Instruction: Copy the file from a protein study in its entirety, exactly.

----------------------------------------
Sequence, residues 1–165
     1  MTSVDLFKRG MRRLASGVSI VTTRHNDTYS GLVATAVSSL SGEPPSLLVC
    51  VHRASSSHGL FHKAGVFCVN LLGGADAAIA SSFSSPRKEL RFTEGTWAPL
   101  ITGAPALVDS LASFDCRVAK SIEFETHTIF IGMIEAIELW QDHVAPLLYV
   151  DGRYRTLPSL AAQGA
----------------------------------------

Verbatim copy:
Sequence, residues 1–165
     1  MTSVDLFKRG MRRLASGVSI VTTRHNDTYS GLVATAVSSL SGEPPSLLVC
    51  VHRASSSHGL FHKAGVFCVN LLGGADAAIA SSFSSPRKEL RFTEGTWAPL
   101  ITGAPALVDS LASFDCRVAK SIEFETHTIF IGMIEAIELW QDHVAPLLYV
   151  DGRYRTLPSL AAQGA